They flocked to the open field by the hundreds to praise Allah.
A religious revolution is transforming Indonesia. Part of the
spiritual blossoming entails Muslims embracing a more conservative form
of faith, mirroring global trends that have meant a proliferation of
headscarves and beards in modern Islamic capitals. More surprising,
though, is the boom in Christianity -- officially Indonesia's second
largest faith and a growing force throughout Asia. Indeed, the number
of Asian Christian faithful exploded to 351 million adherents in 2005,
up from 101 million in 1970, according to the Pew Forum on Religion and
Public Life, based in Washington, D.C.
(See pictures of spiritual healing around the world.)
Much of the growth comes from Pentecostal and evangelical conversions, which have spread charismatic Christianity across the globe and are a large reason for estimates that by 2050 a majority of Christians will be living in developing nations. Already, less than a quarter of the world's 600 million Pentecostals reside in the West, where the modern movement has its roots. Indeed, Pentecostalism is believed by some to be the fastest-growing faith in the world, if measured by conversions as opposed to births.
Because of the relative youth of these evangelical sects, they are less bound by the history of colonial conversion that has complicated the legacy of, say, Roman Catholicism or mainstream Protestantism. Instead, by focusing on personal salvation adapted to local environments, evangelicals, especially Pentecostals, have found great success across Asia in recent years, from Indian metropolises like Chennai to rural China where homegrown sects are drawing in tens of thousands of people each year. The world's largest megachurch is the Yoido Full Gospel Church in South Korea, which claims a membership of 830,000 people. Its Pentecostal Sunday services regularly attract a quarter of a million people to an upscale neighborhood of Seoul. In poorer regions of Asia, as well as within many ethnic Chinese communities, converts are lured by the so-called prosperity gospel, an American theology linked to charismatic Christianity that promises riches to those who follow a moral path. (Read "The Biology of Belief.")
For many in the global evangelical community, though, it is the faith's inroads in Indonesia -- a nation with some 215 million Muslim adherents -- that are most riveting. Exact figures are hard to gather in a country where conversions from Islam to Christianity face a stigma and likely lead to an underreporting of Christian believers. The 2000 census counted just under 10% of Indonesians as Christians, a figure many Christian leaders believe is too low. Anecdotal evidence paints a compelling picture of the faith's rapid rise. In the early 1960s, for instance, there were no evangelical churches in Temanggung, where the soccer-field revival took place; now there are more than 40. In the capital Jakarta, newly built megachurches that might seem more at home in Texas send steeples into the sky. Other Christians worship at unofficial churches based in hotels and malls, where Sunday services rival shopping as a popular weekend activity. Asia's tallest statue of Jesus Christ, built in 2007, presides over Manado city in eastern Indonesia, while Indonesian cable TV beams 24-hour Christian channels.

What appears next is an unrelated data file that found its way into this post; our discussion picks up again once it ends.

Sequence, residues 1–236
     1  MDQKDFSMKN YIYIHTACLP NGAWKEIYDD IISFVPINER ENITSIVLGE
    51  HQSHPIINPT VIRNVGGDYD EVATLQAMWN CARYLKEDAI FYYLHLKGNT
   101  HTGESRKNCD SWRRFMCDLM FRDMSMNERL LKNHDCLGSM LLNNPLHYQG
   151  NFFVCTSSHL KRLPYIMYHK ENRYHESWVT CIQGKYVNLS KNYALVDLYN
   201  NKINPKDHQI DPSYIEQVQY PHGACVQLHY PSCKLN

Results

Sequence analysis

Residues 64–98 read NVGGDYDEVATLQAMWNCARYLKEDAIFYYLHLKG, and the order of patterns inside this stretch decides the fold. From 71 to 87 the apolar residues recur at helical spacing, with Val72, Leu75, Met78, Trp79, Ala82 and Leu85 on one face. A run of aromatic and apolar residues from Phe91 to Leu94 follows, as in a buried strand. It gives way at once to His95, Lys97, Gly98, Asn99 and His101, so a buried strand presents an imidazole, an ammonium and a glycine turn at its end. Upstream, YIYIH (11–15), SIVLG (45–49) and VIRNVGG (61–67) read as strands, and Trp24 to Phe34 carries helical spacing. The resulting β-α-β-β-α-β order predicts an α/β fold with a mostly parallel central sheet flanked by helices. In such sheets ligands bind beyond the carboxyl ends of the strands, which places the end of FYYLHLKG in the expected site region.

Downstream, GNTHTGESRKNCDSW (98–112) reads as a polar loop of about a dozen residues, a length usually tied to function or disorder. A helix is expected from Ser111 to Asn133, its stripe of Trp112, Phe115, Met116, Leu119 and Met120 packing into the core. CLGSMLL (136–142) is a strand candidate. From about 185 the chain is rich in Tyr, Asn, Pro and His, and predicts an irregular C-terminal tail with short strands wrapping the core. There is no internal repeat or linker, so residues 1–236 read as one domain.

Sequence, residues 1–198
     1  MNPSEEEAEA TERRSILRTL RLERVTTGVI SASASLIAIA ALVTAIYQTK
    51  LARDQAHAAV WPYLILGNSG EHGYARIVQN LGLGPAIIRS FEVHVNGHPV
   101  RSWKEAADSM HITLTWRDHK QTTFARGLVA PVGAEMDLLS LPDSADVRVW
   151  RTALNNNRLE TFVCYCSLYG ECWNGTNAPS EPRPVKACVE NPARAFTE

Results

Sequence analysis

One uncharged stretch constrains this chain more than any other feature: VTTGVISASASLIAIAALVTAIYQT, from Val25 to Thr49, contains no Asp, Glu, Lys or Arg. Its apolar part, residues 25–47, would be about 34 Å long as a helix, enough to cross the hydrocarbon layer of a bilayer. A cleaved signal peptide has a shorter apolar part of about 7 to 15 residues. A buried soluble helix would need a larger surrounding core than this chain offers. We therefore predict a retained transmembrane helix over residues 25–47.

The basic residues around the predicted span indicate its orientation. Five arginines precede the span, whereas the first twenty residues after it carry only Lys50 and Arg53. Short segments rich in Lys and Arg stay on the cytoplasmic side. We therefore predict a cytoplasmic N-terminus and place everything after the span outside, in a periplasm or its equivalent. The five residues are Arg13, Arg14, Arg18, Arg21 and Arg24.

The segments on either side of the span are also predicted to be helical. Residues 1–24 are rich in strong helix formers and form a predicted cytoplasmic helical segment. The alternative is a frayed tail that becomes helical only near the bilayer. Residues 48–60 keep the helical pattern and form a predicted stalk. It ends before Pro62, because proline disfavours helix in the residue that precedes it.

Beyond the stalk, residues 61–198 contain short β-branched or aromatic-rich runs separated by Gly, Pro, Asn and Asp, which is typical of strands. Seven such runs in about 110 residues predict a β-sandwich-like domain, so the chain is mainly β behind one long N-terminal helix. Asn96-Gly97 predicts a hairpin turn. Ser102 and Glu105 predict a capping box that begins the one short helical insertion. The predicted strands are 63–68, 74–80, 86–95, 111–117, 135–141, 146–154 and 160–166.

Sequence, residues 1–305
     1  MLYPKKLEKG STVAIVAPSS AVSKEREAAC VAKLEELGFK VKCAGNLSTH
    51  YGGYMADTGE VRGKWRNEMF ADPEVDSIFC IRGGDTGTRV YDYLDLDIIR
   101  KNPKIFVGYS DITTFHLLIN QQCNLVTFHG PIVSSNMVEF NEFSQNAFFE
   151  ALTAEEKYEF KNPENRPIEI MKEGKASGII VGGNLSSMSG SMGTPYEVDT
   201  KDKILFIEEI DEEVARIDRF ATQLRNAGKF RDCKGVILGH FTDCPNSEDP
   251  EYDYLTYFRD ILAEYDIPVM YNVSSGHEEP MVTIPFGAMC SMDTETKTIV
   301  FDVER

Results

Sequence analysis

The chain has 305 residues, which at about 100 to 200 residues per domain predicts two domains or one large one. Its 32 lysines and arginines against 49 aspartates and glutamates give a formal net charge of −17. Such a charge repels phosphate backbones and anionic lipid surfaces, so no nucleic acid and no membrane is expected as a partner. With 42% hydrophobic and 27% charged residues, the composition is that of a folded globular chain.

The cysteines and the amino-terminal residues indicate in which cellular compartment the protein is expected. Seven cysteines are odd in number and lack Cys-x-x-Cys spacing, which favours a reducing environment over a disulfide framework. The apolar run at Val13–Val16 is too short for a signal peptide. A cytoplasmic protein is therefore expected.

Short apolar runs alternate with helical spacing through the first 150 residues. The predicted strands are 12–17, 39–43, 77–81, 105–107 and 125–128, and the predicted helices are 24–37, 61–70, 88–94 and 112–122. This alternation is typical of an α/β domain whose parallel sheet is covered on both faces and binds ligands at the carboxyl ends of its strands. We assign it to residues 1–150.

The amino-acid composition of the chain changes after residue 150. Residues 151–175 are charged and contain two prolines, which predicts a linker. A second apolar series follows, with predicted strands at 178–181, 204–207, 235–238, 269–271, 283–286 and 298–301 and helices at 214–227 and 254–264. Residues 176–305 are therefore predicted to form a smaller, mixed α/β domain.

State of Grace -- and Disgrace
What is it about evangelical Christianity that has so resonated in Indonesia? As in many other crowded, developing-world countries where a person can feel lost in a teeming slum, the concept of individual salvation is a powerful one. At the same time, the attempted hijacking of Muslim theology by a small band of homegrown terrorists who have killed hundreds of Indonesians in recent years has led some to question their nation's majority faith. So, too, has the general trend toward a more conservative Islam that has given rise to hundreds of religiously inspired bylaws, from caning for beer-drinking to enforced dress codes for women.
Not everyone, though, is celebrating Christianity's boom. Some Muslims view the faith as an unwanted foreign influence, even though Islam, too, is an imported religion. Since the country exchanged dictatorship for democracy more than a decade ago, a great diversity of voices has arisen. But an unfortunate by-product of this pluralism has been an uptick in religious conflict, which has affected unorthodox offshoots of Islam and Christian sects alike. Although bloody outpourings -- like the communal riots that claimed more than 1,000 Christian and Muslim lives in Poso and Ambon around a decade ago -- have ceased, spasms of violence are still occurring.
Click here to continue reading.